by Karen Day
2011 | 224 pages | Middle Grade
2011 | 224 pages | Middle Grade
Like Junonia by Kevin Henkes and Summerhouse Time by Eileen Spinelli, A Million Miles from Boston is a middle grade novel about one pivotal visit to a favorite vacation spot. Lucy is twelve years old and has just completed sixth grade. As they do every summer, she and her family head to Pierson Point, Maine, the beautiful beach location where Lucy's parents got engaged, and where memories of Lucy's mother, who died of cancer, live on in her absence. Lucy has big plans for the summer - mainly starting a summer camp for the younger children, a dream her mother never got the chance to fulfill.
Not everything is what Lucy expects, however. This year, Ian, a mean and popular boy from her class in school, has also come to the Point with his family, and his father wants to make changes to some of the aging structures shared by the community. Her father has also invited an unwelcome guest, a physical therapist named Julia, who has become his girlfriend, and he wants Lucy to accept her into the family. Lucy struggles with big questions all summer long. Does accepting Julia as her new stepmother mean betraying her mother's memory? Is Ian really as mean as he acts, or is he hiding some secret pain? And how will Lucy handle all the changes in her life, both here at the Point, and in her upcoming first year of middle school?
Though the subject matter was somewhat repetitive for me after reading Junonia, Summerhouse Time, and The Penderwicks at Point Mouette by Jeanne Birdsall, I still enjoyed Karen Day's writing style in A Million Miles from Boston. The opening scene of the book shows a typical interaction between Ian and Lucy, which sets the tone for their relationship later on in the story. Day's description of boy/girl interactions among middle school students must have come from real-life observations. Ian's personality, in particular, and the way that girls are both fascinated and disgusted by the daring bad boys, really stood out for me, and I could practically hear each line of dialogue as it was spoken.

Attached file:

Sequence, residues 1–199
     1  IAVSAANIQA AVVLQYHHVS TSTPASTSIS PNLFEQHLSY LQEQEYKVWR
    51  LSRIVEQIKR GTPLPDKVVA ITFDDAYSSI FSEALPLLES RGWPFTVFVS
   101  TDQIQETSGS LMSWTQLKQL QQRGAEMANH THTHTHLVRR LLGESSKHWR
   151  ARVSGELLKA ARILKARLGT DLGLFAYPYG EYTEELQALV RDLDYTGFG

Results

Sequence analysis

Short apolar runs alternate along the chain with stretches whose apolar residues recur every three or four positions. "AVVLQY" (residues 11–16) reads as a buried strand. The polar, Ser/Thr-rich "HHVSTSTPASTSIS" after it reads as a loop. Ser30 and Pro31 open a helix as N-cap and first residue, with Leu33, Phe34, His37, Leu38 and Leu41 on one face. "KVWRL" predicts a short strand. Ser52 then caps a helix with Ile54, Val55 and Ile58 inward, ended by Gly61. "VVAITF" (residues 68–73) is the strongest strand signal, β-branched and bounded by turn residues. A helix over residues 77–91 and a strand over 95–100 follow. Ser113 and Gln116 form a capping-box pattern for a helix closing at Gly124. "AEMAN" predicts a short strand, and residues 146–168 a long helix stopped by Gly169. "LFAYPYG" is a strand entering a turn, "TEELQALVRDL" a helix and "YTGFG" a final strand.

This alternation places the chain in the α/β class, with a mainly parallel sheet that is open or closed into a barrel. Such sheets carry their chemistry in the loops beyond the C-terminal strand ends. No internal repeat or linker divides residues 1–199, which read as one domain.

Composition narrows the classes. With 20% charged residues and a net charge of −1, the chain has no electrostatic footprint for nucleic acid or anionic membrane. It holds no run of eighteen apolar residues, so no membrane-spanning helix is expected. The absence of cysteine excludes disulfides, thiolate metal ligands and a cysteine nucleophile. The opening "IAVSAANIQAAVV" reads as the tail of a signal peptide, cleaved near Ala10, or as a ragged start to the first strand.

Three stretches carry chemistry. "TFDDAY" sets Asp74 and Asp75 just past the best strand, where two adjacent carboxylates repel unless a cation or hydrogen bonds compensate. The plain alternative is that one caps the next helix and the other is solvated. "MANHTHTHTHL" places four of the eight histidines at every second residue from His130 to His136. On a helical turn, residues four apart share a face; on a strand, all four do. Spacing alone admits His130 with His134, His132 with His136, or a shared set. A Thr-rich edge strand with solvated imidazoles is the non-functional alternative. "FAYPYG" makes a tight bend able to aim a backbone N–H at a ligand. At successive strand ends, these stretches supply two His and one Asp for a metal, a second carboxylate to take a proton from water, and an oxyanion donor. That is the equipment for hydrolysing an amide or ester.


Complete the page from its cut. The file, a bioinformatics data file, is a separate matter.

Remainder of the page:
I also really liked the way Day used flashbacks to fill the reader in on events from the past. Shifts back and forth through time were handled very smoothly, and I was never confused when the narration lapsed into a quick tale from the past. The only thing that confused me, honestly, was that both Lucy's babysitter and her father's girlfriend had names beginning with J. Though the babysitter was Jenny, and the girlfriend was Julia, and I knew that all along, I kept getting them confused because of their similar names. This actually made me question whether Jenny was even a necessary character, given the many other people in the book, and the fact that most of Lucy's conflicts, and the driving forces behind the story, seem to come from Julia instead. But this is a very minor nitpick about an otherwise emotionally satisfying and well-written realistic fiction book.
I definitely recommend this book to fans of the similar books I named earlier in this review. Don't let the title or the cover put you off - neither is fantastic, but they say nothing about the quality of the story, which is actually a great coming-of-age summer story about the transitions - internal and external - kids face as the middle school years approach.
I borrowed A Million Miles from Boston from my local public library.